My research project concerns the use and meaning of πίστις (pistis, usually translated as 'faith', 'trust' or 'persuasion') in Paul's letters in light of contemporary philosophical sources.
The dichotomy of faith and reason: a post-enlightenment construct?
In our present culture, believing is often regarded as the opposite of knowing, just as faith is played off against science, by radical believers and disbelievers alike. It is seldom considered, however, if this dichotomy can be traced to the actual origins of Christianity. How rational did these ‘believers’ consider their new convictions to be? A related question concerns the private or public nature of faith: is the widely held view of faith as a personal commitment congruent with ancient conceptions? Was trust between humans in a society deemed similar to trust in God?
Pistis is a crucial, recurring element in the message of the biblical author Paul. Yet in order to communicate its meaning to his public, Paul had to use and connect to existing semantic notions. The question is whether these included more relational, cognitive or public aspects than the modern concept entails. Therefore my research will be aimed at mapping out ancient conceptualizations of pistis.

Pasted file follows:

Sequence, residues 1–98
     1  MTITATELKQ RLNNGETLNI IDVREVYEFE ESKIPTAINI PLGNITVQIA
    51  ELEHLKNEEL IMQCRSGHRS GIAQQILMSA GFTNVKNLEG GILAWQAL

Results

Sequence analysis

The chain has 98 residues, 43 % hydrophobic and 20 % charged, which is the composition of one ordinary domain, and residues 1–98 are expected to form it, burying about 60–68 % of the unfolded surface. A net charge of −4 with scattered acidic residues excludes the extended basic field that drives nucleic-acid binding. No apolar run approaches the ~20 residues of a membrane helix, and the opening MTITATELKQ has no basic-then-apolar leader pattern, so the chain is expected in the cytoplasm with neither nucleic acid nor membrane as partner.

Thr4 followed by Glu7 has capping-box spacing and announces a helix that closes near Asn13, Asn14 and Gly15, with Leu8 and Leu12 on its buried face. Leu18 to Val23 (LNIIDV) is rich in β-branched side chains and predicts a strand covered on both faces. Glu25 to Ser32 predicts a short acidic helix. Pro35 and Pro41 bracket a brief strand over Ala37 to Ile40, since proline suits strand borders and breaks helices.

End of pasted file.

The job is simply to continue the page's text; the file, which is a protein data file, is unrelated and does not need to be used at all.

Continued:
An approach from ancient philosophy
Over the past decade several studies have appeared arguing for a more contextual approach to Paul, considering both the Jewish and the Hellenistic aspects of his world and identity. As regards the Greco-Roman cultural setting, a diverse environment in itself, ancient philosophy is gaining ground as the best comparison for Pauline thinking. The early developments of Christian faith are understood in light of the ancient continuum between Hellenistic philosophical schools and religious traditions. Whereas ancient ‘religio’ concerned a more ritualistic and traditional public worship, philosophical movements were characterized by ethical deliberations, while still including aspects that would sound religious to modern ears, such as the devotion for a founding figure, the respect for ancient wisdom and the possibility of converting to a particular philosophy.
These findings call for more in-depth research regarding the use of concepts shared by New Testament writers and their contemporary philosophical writers. The reference material available to us from Hellenistic philosophers roughly contemporary to Paul, such as Plutarch and Epictetus, is as yet largely unexplored, but promising. Focussing on the use of pistis and related terms, this project intends to point out that the worlds and thought patterns of early Christianity and ancient philosophy intersected and interacted with each other.
A rise of interest in modern philosophy
Another development that was an incentive for this research project is the recent rise of philosophical interest in Paul and Pauline thinking on faith and reason (e.g. Nietzsche, Heidegger, Agamben, Badiou and Žižek). Together with members of the Philosophy Department of the Radboud University we work on an overarching project to evaluate this modern reception of Paul.
Contact Suzan Sierksma-Agteres
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